Winner of the prestigious American Poetry Review/Honickman First Book Prize, Laura McKee’s Uttermost Paradise Place achieves a shimmering transparency and surreal potency. While many of the poems are perceived via a persona, it is ultimately the personae of perception that proscribe the pure pleasure of reading. Committed to the eye and the ear, Uttermost Paradise Place sounds a music of syllables, repetitions, recurrences, and duration. As judge Claudia Keelan writes in her introduction, “Laura McKee creates a poetics of call and response, but not in the traditional sense, as in poet to reader, chorus leader to singers, etc. These poems call to each other, syllable by syllable, and they are so pleased with their circuitry of sound and sense that readers—if they just give themselves away to the pleasure of being exactly nowhere but in the unscripted place all authentic poetry provides—will experience the paradise the book proposes.”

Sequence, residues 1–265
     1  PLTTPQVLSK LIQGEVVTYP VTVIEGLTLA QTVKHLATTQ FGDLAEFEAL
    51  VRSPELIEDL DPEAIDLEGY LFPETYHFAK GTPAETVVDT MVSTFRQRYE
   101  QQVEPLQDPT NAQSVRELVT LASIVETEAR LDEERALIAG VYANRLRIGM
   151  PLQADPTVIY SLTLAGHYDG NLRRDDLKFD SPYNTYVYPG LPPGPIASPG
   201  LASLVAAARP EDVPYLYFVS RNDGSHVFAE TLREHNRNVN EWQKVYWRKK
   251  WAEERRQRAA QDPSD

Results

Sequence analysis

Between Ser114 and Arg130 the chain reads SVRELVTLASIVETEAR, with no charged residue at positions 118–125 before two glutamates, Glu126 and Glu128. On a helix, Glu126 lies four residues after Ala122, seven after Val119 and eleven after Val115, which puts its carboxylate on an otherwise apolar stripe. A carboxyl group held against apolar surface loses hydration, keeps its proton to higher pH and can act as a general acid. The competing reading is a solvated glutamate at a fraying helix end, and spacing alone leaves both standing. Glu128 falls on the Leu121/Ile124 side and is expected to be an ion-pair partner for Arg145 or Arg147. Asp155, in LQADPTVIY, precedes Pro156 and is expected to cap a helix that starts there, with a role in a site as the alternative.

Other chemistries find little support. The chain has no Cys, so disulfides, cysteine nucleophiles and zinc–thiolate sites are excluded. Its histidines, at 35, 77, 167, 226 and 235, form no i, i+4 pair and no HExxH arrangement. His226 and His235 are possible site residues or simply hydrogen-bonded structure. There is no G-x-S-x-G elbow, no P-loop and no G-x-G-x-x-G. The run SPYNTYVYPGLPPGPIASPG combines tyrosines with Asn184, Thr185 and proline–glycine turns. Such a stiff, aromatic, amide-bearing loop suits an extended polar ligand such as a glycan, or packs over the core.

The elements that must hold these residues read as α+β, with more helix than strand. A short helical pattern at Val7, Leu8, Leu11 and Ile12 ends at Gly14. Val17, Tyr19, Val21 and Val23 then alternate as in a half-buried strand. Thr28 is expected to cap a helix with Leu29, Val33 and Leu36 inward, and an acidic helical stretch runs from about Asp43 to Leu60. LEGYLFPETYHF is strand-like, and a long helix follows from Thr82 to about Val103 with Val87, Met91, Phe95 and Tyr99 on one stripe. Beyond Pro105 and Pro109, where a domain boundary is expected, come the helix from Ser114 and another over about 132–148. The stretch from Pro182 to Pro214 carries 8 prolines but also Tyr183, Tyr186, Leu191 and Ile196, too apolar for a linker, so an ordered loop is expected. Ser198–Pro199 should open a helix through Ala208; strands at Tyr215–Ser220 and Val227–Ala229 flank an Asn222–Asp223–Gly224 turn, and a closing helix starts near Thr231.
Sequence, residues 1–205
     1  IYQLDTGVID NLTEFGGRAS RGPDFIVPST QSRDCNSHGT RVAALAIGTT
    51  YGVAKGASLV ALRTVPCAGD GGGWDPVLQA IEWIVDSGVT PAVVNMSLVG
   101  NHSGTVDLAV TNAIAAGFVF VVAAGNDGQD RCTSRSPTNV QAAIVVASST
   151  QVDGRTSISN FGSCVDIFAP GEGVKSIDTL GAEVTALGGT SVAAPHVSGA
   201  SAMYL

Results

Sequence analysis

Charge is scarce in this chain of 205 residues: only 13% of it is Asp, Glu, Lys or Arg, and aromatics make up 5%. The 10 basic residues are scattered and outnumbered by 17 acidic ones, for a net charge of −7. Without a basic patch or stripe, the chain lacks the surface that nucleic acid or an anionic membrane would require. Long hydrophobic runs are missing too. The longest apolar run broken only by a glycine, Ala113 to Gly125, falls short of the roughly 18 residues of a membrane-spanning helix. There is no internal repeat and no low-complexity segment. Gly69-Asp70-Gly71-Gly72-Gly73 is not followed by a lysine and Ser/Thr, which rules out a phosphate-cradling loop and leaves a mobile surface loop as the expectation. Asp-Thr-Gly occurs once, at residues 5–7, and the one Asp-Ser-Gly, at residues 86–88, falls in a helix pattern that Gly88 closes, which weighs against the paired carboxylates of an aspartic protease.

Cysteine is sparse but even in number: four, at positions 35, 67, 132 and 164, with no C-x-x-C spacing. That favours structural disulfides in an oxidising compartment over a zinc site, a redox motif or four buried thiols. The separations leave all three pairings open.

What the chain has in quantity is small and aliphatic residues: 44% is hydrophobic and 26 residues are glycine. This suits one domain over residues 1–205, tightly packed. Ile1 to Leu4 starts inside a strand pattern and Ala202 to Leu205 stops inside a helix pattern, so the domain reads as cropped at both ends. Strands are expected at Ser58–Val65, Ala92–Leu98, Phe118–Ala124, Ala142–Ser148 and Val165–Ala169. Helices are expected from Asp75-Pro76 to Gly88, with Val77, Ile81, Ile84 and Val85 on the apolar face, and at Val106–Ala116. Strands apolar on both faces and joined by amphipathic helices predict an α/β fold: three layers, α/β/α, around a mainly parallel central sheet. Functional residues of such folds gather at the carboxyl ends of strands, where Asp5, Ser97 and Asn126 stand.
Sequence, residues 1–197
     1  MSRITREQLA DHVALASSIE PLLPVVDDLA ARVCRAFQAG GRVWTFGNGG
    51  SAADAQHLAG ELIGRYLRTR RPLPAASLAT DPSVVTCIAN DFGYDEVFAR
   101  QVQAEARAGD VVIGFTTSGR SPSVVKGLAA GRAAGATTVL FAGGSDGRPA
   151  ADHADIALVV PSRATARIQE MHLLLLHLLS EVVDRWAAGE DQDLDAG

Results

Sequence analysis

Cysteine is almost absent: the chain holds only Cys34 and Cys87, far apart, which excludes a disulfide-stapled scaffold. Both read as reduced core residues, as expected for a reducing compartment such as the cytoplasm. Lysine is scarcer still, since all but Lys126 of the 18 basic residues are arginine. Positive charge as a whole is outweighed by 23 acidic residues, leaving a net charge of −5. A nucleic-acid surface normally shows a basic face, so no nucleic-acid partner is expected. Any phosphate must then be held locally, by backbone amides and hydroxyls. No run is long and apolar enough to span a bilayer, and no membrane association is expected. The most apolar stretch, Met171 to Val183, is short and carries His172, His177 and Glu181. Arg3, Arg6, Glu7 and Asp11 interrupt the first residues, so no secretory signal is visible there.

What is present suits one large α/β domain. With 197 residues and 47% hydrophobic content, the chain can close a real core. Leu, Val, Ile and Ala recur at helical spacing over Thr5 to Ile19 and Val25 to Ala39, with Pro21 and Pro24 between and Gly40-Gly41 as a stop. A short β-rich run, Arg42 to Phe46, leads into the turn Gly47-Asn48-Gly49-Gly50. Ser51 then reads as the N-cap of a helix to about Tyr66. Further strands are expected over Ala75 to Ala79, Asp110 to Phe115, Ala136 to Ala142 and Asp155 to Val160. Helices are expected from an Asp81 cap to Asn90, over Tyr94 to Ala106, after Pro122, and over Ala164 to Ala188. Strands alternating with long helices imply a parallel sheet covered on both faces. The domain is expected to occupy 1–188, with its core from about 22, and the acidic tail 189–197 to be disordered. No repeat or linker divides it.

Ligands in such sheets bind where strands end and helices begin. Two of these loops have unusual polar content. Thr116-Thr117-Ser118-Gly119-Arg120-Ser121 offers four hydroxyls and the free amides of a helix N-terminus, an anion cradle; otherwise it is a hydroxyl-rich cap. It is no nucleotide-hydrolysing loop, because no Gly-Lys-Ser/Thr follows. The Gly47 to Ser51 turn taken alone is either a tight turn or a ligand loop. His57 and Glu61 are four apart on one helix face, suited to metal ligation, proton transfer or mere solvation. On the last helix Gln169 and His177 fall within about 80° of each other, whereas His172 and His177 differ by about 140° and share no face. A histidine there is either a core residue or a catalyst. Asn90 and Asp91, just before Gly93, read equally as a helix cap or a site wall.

I found a flight suit in the dryer this weekend.The zippers were hotter than hell when it first emergedAs if it were the machine’s inaugural attempt at creation.When it fit perfectly, I realized it was perfect.Suit, I salute you. You have changed my questions.From now on, “What will I wear?” I will wear the suit.Never again, “What will I wear?” Those pants.But what shirt?
Laura McKee earned her MFA from the University of Washington. She lives in Seattle and works at the Cornish College of the Arts.